Surface Flow Visualization on a Full-Scale Passenger Car with Quantitative Tuft Image Processing

Paper #:
  • 2016-01-1582

Published:
  • 2016-04-05
DOI:
  • 10.4271/2016-01-1582
Citation:
Wieser, D., Bonitz, S., Lofdahl, L., Broniewicz, A. et al., "Surface Flow Visualization on a Full-Scale Passenger Car with Quantitative Tuft Image Processing," SAE Technical Paper 2016-01-1582, 2016, https://doi.org/10.4271/2016-01-1582.
Pages:
8
Abstract:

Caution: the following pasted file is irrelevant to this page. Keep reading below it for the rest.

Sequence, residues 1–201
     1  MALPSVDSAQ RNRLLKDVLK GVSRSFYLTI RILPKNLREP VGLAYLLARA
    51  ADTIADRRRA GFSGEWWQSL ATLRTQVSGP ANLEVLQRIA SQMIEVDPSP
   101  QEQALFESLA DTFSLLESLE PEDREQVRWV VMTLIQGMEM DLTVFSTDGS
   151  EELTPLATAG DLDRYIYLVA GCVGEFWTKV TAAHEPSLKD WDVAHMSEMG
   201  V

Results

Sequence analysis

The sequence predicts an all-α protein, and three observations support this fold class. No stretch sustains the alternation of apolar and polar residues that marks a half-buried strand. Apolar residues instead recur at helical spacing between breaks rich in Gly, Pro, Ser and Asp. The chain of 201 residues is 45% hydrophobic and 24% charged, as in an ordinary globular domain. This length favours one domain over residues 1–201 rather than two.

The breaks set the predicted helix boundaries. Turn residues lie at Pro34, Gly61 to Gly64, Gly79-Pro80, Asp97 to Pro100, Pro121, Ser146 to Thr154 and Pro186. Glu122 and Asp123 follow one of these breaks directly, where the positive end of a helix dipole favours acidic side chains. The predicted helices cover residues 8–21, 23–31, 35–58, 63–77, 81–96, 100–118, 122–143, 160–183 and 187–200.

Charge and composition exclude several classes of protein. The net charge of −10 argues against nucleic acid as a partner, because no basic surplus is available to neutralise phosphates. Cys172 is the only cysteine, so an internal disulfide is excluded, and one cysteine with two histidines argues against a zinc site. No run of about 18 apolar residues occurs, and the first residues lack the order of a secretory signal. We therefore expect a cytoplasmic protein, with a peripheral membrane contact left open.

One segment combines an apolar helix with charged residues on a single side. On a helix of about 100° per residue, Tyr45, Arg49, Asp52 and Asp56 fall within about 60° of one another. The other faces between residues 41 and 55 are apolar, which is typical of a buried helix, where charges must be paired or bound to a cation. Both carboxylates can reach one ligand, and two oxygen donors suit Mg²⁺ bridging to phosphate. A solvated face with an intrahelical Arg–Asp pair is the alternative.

Flow visualization techniques are widely used in aerodynamics to investigate the surface trace pattern. In this experimental investigation, the surface flow pattern over the rear end of a full-scale passenger car is studied using tufts. The movement of the tufts is recorded with a DSLR still camera, which continuously takes pictures. A novel and efficient tuft image processing algorithm has been developed to extract the tuft orientations in each image. This allows the extraction of the mean tuft angle and other such statistics. From the extracted tuft angles, streamline plots are created to identify points of interest, such as saddle points as well as separation and reattachment lines. Furthermore, the information about the tuft orientation in each time step allows studying steady and unsteady flow phenomena. Hence, the tuft image processing algorithm provides more detailed information about the surface flow than the traditional tuft method. The main advantages over other flow visualization methods, such as oil paint, is that experimental facilities are not contaminated and statistical data can be extracted.The investigated surface pattern shows a symmetric flow on the entire rear end section of the passenger car. The flow field on the roof, backlight, and upper trunk deck is attached almost everywhere. However, two small regions indicate the presence of two counter-rotating vortices at the lower edge of the backlight (rear window). Those vortices are also detectable in the distribution of the tuft angle standard deviation. A bifurcation line is present at each side of the trunk due to the streamwise vortices originating at the C-pillars. The tuft streamlines created with this novel tuft method are compared to a standard oil paint flow visualization to validate the calculated tuft flow pattern. A critical comparison between the methods confirms that the flow tuft analysis algorithm functions flawlessly as a highly detailed flow analysis tool without the mess of oil paint.
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